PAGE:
2010/07/25 10:17 pm

      Thanks for the book recommendation, Pauline, and the kind words. Sorry it took me so long to post your comments – I was out of town, away from the internet. You’re good now, once I’ve approved one comment the rest go on automatically!

  3. Pauline Thornham permalink
    2010/07/24 7:51 am

    http://www.earth-policy.org

  4. moriahbethany permalink
    2010/07/25 4:28 pm

    Very nice, I like the way you’ve explained it. We need to have this conversation because for so many the science is misunderstood.

    • Christine permalink*
      2010/07/25 10:22 pm

      Thanks Moriah! You’re right, the more people who are concerned about this issue speak out, the sooner we will get the change we need so desperately!

  5. fathertheo permalink
    2010/07/30 12:01 am

    This from Wikipedia, in respect of the Florida climate: “In winters where an El Niño climate cycle exists, rainfall increases while temperatures are cooler statewide.”

    We just went through an El Niño cycle, explaining your friend’s cool winter.

    No one, no one, no one ever does their research.

    But so many are ready with unassailable opinions regardless.

  6. Christine permalink*
    2010/07/30 12:04 pm

    *heavy sigh* Yet we’re all in this together, and when we hit the wall with peak oil and ocean acidification in a few years, I’m afraid they’ll be the ones to say “but nobody told us!”

  7. Dan Williams permalink
    2010/08/10 1:39 pm

    Christine, you wondered “what is it that makes intelligent, competent people dismiss out-of-hand the predictions of over 90% of scientists who study [climate change] for a living?”

    Well, it may be partly that the greenhouse gases are invisible, as you suggest. But I also think we need a lot more practice “thinking globally” about climate.

    Last year, for example, tied for second warmest globally in 130 years of records (and was the record warm year in the southern hemisphere). But much of North America had a particularly cool summer. Last December was also quite cold in some mid-latitude areas including parts of North America. (See Jim Hansen’s discussion of 2009 on the Real Climate site)
    http://www.realclimate.org/index.php/archives/2010/01/2009-temperatures-by-jim-hansen/

    If I’ve been experiencing abnormally cool weather for months in my area, it may not occur to me that the world as a whole is having unusually hot weather. Well, you and I can “do our research” as Father Theo suggests, but most people won’t or can’t (maybe not through any fault of their own). People may hear that the globe is warming and that it’s a big problem, but they’re likely to find it all quite confusing and are unlikely to take the issue seriously if their personal experience seems to contradict what they hear. In my case, I stumbled on Hansen’s article about the weather of 2009 and found it very helpful for me in thinking globally about last year in spite of the cool weather I’d experienced then. Parts of Hansen’s article are pretty technical (as you’d expect on the Real Climate site), but I think you’ll find that the most relevant non-technical parts are quite clear.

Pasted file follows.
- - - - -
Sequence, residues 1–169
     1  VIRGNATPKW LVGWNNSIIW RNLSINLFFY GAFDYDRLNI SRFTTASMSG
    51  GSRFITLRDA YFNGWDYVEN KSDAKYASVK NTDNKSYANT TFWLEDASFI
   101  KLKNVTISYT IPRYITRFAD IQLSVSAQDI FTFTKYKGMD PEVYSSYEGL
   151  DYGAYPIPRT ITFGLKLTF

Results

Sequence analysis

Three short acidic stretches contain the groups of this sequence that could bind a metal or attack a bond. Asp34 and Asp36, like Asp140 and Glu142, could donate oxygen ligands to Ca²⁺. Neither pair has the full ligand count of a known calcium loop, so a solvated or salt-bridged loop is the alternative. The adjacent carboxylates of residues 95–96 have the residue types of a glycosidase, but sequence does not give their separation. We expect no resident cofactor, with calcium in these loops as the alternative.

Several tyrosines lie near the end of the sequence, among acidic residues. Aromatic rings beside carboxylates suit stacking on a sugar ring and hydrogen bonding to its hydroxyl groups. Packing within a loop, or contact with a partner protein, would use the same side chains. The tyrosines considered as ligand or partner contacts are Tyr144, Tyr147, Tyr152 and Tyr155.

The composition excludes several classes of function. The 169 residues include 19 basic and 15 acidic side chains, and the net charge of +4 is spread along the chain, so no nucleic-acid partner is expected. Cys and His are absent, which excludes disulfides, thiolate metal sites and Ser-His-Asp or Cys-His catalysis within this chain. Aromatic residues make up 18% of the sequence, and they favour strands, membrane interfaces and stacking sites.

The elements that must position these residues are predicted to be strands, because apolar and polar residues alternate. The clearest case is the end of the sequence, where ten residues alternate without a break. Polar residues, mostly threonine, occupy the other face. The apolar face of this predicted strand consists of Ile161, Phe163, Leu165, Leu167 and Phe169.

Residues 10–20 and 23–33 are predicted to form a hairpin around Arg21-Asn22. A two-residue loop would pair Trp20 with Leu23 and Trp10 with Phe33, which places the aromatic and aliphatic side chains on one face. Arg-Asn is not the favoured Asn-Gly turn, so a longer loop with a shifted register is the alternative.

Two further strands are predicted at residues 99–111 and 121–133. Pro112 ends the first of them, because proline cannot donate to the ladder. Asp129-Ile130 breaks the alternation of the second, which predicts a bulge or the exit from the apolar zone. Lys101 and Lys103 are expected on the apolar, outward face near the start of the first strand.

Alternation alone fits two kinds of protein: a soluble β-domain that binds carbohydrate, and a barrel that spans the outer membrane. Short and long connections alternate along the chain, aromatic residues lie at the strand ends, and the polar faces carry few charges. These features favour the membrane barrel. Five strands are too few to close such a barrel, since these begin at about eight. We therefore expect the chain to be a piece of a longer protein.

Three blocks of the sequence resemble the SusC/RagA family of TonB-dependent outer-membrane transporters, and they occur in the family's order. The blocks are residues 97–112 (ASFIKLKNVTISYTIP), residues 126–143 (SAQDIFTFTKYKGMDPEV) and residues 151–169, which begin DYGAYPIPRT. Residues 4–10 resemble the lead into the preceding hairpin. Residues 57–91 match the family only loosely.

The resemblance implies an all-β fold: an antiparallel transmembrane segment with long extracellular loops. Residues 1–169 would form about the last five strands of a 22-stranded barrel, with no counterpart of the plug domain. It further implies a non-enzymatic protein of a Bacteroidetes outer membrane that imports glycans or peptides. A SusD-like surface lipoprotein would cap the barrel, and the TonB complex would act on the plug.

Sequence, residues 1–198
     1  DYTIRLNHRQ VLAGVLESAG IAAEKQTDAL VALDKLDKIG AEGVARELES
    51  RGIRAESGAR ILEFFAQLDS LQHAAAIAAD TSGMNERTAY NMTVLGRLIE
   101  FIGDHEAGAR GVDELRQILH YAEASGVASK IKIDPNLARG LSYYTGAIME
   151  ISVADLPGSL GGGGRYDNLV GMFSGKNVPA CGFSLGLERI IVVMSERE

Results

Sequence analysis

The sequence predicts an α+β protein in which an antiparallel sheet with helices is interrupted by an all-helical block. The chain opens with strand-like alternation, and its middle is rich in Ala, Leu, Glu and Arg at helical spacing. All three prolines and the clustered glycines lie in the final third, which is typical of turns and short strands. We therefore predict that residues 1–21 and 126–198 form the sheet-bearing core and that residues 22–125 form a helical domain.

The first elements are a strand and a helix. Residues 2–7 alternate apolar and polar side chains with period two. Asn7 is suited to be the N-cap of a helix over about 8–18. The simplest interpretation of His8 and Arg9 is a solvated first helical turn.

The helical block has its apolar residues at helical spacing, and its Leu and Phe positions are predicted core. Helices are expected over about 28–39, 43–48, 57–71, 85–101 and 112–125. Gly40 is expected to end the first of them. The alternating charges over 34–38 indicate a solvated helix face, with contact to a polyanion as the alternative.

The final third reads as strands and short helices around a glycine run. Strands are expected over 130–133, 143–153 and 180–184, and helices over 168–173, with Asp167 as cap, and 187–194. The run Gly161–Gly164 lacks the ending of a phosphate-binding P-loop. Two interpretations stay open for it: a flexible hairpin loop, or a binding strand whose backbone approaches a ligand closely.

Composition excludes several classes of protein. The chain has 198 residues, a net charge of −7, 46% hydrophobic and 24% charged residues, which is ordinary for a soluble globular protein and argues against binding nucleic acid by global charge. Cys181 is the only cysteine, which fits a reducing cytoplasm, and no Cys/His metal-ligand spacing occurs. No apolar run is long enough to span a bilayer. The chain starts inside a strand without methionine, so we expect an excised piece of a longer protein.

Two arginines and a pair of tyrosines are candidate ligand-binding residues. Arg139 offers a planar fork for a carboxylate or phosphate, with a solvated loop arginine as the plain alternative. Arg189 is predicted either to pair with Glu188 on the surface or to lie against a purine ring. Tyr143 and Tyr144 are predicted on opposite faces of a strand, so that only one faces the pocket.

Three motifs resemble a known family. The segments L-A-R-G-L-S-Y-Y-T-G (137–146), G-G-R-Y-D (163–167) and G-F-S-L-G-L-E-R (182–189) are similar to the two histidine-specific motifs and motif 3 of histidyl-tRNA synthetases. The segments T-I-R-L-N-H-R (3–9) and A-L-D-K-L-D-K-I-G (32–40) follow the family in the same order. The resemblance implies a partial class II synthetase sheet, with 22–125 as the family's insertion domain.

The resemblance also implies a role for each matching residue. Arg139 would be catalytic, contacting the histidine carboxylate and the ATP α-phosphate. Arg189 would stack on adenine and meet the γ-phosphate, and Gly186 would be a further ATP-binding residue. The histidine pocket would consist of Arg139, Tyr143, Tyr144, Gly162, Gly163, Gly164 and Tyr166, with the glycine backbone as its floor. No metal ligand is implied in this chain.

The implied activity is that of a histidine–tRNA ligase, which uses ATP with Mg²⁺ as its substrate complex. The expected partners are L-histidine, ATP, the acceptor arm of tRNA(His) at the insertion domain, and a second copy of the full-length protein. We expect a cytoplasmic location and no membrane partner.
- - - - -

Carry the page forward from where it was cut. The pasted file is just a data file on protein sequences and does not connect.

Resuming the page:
Perhaps no amount of argument is likely to change the opinion of someone who would say “People Who Believe In Climate Change Should Have Their Heads Examined”, but I think most of the rest of us would understand better when we think globally, and realize that a year like 2009 might have been a hot year for the world, even if we live in a region that happened to be otherwise.

    Politicians don’t take effective action on climate change because people don’t demand it. People don’t demand it because the public is not well informed on the issue. The inability of people to think globally about climate may be one of the most serious problems the world faces in dealing with climate change.

    Dan W.
    (Agroclimatologist, retired 1985)

  8. Christine permalink*
    2010/08/10 8:13 pm

    I appreciate your thoughtful comments, Dan – and will definitely check out Hansen’s article on Real Climate. I interpret my exchange in the grocery store to be a directive to me to keep bringing this issue up, in a non-aggressive way, with as many people as possible. If I talk to 10 people about it, and get 1 or 2 of them to rethink their indifference to it, that is a good outcome. Indifference is more of an issue than denial, I think. As you point out, it’s difficult for people focused on making ends meet, looking after their children, dealing with health issues, etc to lift up their eyes from their daily demands and focus on the global “horizon”. But if we are to meet this challenge, it is what many of us need to do – as Joe Romm over at Climate Progress says, get informed, get outraged, then get political!

  9. 2017/08/02 8:29 pm

    We are supposed to believe and follow the scientists because thinking and experimenting is what they do for a living. Global warming is true. We should reduce or if possible eliminate the use of the fossil fuel that warms up the atmosphere. Also because of the pollution the ozone layer is damaged. Maybe in this lifetime we will not yet feel the effects of global warming but the future generation surely will.